BP plans UK’s biggest blue hydrogen plant in Teesside

BP has announced that it is developing plans for the UK’s largest blue hydrogen production facility, targeting 1GW of hydrogen production by 2030.

The project would be located in Teesside and with a final investment decision (FID) in early 2024 could begin production in 2027 or earlier.

Blue hydrogen is produced by converting natural gas into hydrogen and CO2 which is then captured and permanently stored.

The project would capture and send for storage up to two million tonnes of carbon dioxide (CO2) per year, equivalent to capturing the emissions from the heating of one million UK households.

BP said the proposed development, H2Teesside, would be a significant step in developing its hydrogen business and make a major contribution to the UK Government’s target of developing 5GW of hydrogenproduction by 2030.

“With close proximity to North Sea storage sites, pipe corridors and existing operational hydrogen storage and distribution capabilities, the area is uniquely placed for H2Teesside to help lead a low carbon transformation, supporting jobs, regeneration and the revitalisation of the surrounding area,” said BP.

Teesside account for over 5% of the UK’s industrial emissions and the region is home to five of the country’s top 25 emitters.

BP’s executive vice president of gas and low carbon energy Dev Sanyal said: “Clean hydrogen is an essential complement to electrification on the path to net zero.

“Blue hydrogen, integrated with carbon capture and storage, can provide the scale and reliability needed by industrial processes.

“It can also play an essential role in decarbonising hard-to-electrify industries and driving down the cost of the energy transition.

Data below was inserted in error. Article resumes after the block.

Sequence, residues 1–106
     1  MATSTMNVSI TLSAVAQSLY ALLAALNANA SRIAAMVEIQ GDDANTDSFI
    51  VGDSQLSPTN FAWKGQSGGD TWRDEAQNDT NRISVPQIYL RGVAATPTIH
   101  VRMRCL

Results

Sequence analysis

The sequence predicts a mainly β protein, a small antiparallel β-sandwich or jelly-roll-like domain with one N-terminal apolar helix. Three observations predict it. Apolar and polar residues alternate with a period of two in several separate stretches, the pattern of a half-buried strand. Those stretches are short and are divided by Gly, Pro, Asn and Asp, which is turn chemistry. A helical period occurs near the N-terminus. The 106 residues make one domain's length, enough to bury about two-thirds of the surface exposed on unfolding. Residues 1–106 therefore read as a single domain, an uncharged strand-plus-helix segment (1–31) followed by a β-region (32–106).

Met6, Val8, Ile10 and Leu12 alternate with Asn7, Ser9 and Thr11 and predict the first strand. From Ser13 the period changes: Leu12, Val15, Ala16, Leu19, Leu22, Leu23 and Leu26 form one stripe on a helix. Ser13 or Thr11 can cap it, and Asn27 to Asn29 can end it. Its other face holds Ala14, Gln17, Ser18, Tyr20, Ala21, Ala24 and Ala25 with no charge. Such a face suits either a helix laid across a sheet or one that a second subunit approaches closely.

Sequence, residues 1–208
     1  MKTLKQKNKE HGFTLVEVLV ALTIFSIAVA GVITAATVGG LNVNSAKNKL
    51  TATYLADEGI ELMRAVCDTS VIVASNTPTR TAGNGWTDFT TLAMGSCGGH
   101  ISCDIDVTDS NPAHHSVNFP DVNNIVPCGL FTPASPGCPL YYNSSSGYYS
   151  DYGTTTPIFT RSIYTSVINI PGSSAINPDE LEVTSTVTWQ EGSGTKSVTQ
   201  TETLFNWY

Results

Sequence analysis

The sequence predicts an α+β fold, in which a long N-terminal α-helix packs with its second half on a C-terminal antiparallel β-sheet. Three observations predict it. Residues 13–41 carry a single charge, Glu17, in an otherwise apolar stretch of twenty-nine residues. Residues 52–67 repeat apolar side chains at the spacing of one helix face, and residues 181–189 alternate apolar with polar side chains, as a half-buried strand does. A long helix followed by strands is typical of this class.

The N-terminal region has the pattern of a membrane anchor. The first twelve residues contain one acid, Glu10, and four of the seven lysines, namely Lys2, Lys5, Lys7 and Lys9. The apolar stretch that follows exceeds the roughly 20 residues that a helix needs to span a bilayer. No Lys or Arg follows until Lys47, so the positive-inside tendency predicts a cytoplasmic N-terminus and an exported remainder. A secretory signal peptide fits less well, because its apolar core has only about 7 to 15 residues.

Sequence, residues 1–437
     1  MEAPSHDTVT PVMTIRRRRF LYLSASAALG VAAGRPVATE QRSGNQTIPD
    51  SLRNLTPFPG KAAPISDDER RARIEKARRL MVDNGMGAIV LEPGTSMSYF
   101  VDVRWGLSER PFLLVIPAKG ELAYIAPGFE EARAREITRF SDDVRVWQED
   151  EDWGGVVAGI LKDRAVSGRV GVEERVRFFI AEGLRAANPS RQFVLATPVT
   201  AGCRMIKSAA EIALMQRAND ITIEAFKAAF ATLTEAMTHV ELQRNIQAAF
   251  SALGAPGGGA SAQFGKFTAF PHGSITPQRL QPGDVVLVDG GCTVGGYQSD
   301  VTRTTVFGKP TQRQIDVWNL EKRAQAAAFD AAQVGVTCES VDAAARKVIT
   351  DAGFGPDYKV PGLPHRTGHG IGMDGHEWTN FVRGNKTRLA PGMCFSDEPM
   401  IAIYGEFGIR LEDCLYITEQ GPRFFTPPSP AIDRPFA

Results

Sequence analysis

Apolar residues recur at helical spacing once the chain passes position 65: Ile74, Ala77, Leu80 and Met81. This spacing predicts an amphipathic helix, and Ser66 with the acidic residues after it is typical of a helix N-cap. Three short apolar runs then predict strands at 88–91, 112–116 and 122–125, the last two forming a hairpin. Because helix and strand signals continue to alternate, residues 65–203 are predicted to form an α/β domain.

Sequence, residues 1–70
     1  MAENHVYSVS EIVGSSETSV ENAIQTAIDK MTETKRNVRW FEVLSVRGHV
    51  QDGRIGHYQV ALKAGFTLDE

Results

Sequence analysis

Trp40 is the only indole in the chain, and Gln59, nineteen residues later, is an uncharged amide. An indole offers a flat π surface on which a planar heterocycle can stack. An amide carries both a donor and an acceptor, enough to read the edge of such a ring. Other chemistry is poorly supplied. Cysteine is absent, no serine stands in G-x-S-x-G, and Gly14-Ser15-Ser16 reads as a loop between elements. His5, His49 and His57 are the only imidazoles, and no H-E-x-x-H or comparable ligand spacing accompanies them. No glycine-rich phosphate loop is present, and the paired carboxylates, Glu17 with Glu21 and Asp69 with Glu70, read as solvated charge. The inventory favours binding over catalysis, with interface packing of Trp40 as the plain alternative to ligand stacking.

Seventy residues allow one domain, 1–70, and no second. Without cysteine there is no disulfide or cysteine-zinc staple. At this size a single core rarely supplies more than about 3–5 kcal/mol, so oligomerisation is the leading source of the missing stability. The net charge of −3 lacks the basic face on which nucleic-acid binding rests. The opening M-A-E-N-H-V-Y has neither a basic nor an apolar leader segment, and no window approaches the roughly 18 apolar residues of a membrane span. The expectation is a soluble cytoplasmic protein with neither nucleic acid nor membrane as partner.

“H2Teesside, together with NZT and NEP, has the potential to transform the area into one of the firstcarbon neutral clusters in the UK, supporting thousands of jobs and enabling the UK’s Ten Point Plan.”

BP has begun a feasibility study into the project to explore technologies that could capture up to 98% of carbon emissions from the hydrogen production process.

The company said H2Teesside could support the conversion of surrounding industries to use hydrogen in place of natural gas, playing an important role in decarbonizing a cluster of industries in Teesside.

BP said it has agreed a memorandum of understanding (MoU) with Venator, one of the largest global producers of titanium dioxide pigments and performance additives, to scope the supply of clean hydrogen to its flagship Teesside plant.

BP has also agreed an MoU with Northern Gas Networks (NGN), the gas distributor for the North of England, to work together to initiate decarbonisation of the gas networks in the UK, helping to further decarbonise both industrial customers and residential homes through its gas network.

Separately, BP has also signed an MoU with Tees Valley Combined Authority (TVCA) to explore thepotential for green hydrogen in the region, including the development of Teesside as the UK’s firsthydrogen transport hub, as announced by the UK’s Department for Transport in September 2020.

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Mark McSherry
Dalriada Media LLC sites are edited by veteran news journalist Mark McSherry, a former staff editor and reporter with Reuters, Bloomberg and major newspapers including the South China Morning Post, London's Sunday Times and The Scotsman. McSherry's journalism has also appeared in The Washington Post, The Guardian, The Independent, The New York Times, London's Evening Standard and Forbes. McSherry is also a professor of journalism and communication arts in universities and colleges in New York City. Scottish-born McSherry has an MBA from the University of Edinburgh and a Certificate in Global Affairs from New York University.